A military training jet crashed on Sunday in a neighbourhood near Fort Worth, Texas, injuring the two pilots and damaging three homes but not seriously hurting anyone on the ground, authorities said.
Both pilots ejected from the plane before it crashed in Lake Worth, which is just west of Fort Worth.
“This incident could have been much worse knowing that this plane went down in a residential area,” Lake Worth Fire Chief Ryan Arthur said.
The crash was reported to authorities shortly before 11am.
Police Chief JT Manoushagian said one pilot’s parachute became tangled in powerlines.
One of the pilots was flown to a hospital in Dallas and was in a critical condition, the Fort Worth Fire Department said. The other was driven to a hospital in Fort Worth.
The chief of naval air training in Corpus Christi said on Facebook that the crashed jet was a Navy T-45C Goshawk assigned to Training Air Wing 2 at Naval Air Station Kingsville, about 675 kilometres south of Lake Worth.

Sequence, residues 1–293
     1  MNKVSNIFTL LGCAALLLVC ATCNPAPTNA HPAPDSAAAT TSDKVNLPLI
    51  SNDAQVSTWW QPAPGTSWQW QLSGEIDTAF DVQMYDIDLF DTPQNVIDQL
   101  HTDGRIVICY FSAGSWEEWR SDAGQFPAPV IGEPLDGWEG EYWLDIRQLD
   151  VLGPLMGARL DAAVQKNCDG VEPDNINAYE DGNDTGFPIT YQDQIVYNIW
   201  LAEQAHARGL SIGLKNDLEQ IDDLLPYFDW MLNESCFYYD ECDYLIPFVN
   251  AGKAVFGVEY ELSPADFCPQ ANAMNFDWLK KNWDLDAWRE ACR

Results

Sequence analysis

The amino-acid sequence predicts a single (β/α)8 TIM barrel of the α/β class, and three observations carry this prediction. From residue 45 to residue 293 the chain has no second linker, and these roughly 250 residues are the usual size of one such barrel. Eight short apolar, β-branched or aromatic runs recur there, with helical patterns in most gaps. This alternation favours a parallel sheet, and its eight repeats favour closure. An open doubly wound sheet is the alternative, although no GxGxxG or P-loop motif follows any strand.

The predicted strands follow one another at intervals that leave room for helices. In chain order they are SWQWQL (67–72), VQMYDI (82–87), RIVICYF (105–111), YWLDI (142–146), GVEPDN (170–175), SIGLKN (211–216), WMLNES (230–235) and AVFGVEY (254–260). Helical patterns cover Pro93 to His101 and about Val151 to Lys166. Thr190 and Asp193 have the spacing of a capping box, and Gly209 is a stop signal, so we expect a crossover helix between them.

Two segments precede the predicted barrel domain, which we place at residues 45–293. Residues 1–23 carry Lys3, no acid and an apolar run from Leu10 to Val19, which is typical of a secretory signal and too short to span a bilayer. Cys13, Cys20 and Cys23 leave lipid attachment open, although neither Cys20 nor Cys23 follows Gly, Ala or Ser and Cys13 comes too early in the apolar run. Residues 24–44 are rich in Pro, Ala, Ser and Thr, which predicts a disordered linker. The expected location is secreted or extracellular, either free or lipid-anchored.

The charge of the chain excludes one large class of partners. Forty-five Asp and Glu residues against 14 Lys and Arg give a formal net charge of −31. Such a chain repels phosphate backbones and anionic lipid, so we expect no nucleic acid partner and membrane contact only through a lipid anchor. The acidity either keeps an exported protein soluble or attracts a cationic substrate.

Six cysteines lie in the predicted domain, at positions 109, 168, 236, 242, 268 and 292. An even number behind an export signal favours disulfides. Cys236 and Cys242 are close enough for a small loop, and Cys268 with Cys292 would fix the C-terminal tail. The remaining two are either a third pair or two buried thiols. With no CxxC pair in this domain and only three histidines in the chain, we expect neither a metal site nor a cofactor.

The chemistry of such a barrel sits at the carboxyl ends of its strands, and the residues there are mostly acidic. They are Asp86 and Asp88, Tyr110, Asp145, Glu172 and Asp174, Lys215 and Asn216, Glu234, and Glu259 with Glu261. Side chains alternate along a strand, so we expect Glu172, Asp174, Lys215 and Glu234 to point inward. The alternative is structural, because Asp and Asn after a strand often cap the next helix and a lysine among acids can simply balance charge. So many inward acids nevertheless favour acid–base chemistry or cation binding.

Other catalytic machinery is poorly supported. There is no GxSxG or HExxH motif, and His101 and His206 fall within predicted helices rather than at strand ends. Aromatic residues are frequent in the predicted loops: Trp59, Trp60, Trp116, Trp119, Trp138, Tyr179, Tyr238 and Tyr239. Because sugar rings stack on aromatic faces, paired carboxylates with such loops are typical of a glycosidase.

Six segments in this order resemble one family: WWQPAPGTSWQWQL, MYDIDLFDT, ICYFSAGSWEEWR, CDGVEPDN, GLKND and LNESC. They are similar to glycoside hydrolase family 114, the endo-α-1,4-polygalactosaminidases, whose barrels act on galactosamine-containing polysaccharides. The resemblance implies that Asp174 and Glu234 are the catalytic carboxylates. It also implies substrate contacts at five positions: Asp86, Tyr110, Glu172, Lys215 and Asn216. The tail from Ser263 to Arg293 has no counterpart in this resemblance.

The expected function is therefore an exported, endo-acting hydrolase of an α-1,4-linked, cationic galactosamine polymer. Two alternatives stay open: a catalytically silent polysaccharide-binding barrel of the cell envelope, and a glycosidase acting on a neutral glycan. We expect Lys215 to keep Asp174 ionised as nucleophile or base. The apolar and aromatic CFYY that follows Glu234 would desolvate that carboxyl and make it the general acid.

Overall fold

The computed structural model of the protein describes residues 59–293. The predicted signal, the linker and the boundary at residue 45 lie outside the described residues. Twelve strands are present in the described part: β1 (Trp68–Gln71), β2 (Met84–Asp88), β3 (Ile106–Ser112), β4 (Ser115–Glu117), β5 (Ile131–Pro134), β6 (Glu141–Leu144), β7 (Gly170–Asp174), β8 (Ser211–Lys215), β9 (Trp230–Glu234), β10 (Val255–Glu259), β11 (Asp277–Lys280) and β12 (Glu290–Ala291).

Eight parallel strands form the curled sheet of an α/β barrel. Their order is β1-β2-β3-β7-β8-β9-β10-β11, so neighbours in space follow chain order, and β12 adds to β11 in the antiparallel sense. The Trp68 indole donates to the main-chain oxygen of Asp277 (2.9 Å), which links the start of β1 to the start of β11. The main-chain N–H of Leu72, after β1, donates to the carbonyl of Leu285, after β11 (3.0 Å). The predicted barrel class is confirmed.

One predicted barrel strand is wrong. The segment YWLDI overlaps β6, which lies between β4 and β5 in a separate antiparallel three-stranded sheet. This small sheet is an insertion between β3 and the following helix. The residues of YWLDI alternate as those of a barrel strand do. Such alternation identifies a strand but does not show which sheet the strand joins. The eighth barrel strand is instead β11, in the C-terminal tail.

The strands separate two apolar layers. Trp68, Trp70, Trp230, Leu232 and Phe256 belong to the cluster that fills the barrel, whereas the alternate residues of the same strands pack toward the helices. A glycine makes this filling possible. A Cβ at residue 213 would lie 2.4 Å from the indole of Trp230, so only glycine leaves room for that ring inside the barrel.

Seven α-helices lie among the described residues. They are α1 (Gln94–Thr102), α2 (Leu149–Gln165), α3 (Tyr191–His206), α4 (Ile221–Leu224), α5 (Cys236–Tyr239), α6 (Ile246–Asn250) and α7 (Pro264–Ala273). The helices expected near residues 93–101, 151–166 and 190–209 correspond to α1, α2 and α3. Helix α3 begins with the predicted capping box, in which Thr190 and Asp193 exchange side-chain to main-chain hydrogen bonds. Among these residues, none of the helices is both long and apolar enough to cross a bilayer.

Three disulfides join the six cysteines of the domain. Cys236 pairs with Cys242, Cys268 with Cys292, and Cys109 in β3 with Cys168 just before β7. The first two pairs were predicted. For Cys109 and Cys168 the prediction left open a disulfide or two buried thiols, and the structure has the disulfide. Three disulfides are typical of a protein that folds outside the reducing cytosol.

He said the instructor pilot was in stable condition and the trainee aviator’s condition was unknown but he was alive and being treated.
The post said they were conducting a routine training flight from the Corpus Christi International Airport, about 560km south of Lake Worth, along the Gulf Coast.
Three residents of the damaged homes were treated at the scene and released, the Fort Worth Fire Department said. The crash cut power to 44 homes in the area and utility crews were working to restore it.
“We are incredibly fortunate that the plane crashed in the backyards of the homes and not the residences themselves,” the fire department said.
Two off-duty Fort Worth firefighters saw the crash and were the first on the scene where they tended to the injured pilots, the department said.
Mr Arthur said the people who live in the damaged homes will be displaced because of the crash. The neighbourhood is near the Naval Air Station Joint Reserve Base.
Officials said representatives from the military were at the crash scene.
“Our hearts go out to these military members and their families,” Mr Manoushagian said.
“I would imagine that for a pilot, this is the day that you dread, that you hope never comes."